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By SLJ Staff — School Library Journal, 11/10/2008 2:05:00 PM
Reach Out and Read is expanding its reach. From now on, when a child walks into a pediatrician’s office on one of 20 military bases, he’ll get more than a checkup—he’ll get a new book.
Staff pediatrican Maj. Renee Cevey reads with Jared, son of Staff Sgt. Marlon Robles, during a well-child visit at Wilford Hall Medical Center’s pediatric clinic in Texas. (Photo: U.S. Air Force, Master Sgt. Kimberly A. Yearyean-Siers)
The nonprofit literacy organization, which works with hospitals, clinics, and pediatricians across the country to encourage parents to read aloud to their young children, is piloting a program that will reach 90,000, or 25 percent, of the children of U.S. military families worldwide aged from birth to five years old, says Matt Ferraguto a Reach Out and Read spokesman.
Reach Out and Read will train doctors and nurses at military medical facilities on providing a new, age-appropriate book for each six-month to five-year-old child to take home after every checkup, starting with board books for babies followed by more complex picture books for preschoolers.
Along with each free book—which includes titles such as Five Little Monkeys Jumping On the Bed (Clarion, 1989) by Eileen Christelow, Old MacDonald Had A Farm (Penguin, 2008) by Salina Yoon, Richard Scarry’s Cars and Trucks from A to Z (Random, 1990), and Clifford, The Big Red Dog (Scholastic, 2007) by Norman Bridwell—military health-care providers will also provide advice and tips to parents about reading aloud to their children. The goal is to provide each child who participates in the program with a home library of up to 10 books by the time he starts kindergarten—and to get parents to understand the importance of reading.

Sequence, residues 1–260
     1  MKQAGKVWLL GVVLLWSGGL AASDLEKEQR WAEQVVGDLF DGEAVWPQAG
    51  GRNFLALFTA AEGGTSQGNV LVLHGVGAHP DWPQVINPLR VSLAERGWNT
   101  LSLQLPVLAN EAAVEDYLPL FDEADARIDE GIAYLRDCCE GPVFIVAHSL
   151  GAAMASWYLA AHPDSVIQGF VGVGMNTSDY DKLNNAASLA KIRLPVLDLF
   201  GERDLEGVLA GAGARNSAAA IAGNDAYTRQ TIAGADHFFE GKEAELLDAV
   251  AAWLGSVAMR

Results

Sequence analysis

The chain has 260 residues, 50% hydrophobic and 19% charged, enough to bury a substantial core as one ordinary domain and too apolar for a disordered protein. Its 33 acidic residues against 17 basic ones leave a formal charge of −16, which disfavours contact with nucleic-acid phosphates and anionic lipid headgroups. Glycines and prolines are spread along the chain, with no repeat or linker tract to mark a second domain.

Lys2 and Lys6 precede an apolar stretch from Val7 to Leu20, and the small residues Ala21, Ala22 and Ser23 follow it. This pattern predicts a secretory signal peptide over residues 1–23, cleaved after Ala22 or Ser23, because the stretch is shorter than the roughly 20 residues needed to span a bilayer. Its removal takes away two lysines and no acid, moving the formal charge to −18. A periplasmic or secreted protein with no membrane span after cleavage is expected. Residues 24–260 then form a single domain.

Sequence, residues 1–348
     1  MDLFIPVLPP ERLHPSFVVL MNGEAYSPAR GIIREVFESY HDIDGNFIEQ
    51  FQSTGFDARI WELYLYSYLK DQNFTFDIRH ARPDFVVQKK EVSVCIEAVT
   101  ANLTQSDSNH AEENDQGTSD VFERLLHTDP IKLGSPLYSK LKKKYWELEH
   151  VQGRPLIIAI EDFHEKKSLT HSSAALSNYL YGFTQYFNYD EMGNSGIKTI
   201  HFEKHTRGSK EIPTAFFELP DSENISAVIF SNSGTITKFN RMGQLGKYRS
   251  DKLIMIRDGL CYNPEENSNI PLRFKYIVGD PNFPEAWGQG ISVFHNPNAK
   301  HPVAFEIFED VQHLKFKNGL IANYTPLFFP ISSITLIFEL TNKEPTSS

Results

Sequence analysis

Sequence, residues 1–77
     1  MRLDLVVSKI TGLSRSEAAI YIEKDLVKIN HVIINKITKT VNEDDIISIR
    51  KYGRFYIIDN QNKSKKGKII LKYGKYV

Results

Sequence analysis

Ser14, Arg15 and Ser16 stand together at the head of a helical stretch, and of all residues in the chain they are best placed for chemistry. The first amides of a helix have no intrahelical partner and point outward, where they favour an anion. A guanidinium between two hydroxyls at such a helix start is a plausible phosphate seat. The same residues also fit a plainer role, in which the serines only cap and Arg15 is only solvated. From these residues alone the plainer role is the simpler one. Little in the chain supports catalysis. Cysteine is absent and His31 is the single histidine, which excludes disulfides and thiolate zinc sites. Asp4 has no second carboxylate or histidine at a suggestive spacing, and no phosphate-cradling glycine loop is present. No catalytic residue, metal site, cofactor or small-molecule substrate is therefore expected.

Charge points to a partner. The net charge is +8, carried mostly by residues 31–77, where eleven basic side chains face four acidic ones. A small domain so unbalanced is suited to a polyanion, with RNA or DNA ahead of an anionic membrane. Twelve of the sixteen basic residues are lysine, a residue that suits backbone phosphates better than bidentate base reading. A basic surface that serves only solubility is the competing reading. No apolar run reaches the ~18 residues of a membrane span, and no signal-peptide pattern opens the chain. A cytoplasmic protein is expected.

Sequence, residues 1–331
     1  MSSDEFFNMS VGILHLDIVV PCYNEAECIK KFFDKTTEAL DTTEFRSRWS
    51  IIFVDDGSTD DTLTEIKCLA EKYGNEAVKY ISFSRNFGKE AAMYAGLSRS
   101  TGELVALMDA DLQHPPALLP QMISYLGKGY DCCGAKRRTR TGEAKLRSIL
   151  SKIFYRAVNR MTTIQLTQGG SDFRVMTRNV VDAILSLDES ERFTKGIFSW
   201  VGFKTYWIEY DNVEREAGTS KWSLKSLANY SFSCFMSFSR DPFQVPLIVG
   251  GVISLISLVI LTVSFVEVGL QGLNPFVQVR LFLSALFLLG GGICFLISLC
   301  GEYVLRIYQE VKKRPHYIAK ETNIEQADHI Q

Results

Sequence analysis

Participating military bases will also create literacy-rich waiting rooms, complete with child-size furniture and bookcases, where trained Reach Out and Read volunteers will model reading with the children while their families wait for appointments.
The initiative will be funded by the Department of Defense, thanks to the help of Senator Jack Reed (D-RI), who led the Congressional effort to secure $1.1 million in federal funds for the program.
“Reach Out and Read’s Military Initiative will help doctors and nurses at military treatment facilities encourage parents to read to their children and give them the tools to get started,” say Reed, a member of the Health, Education, Labor and Pensions (HELP) Committee.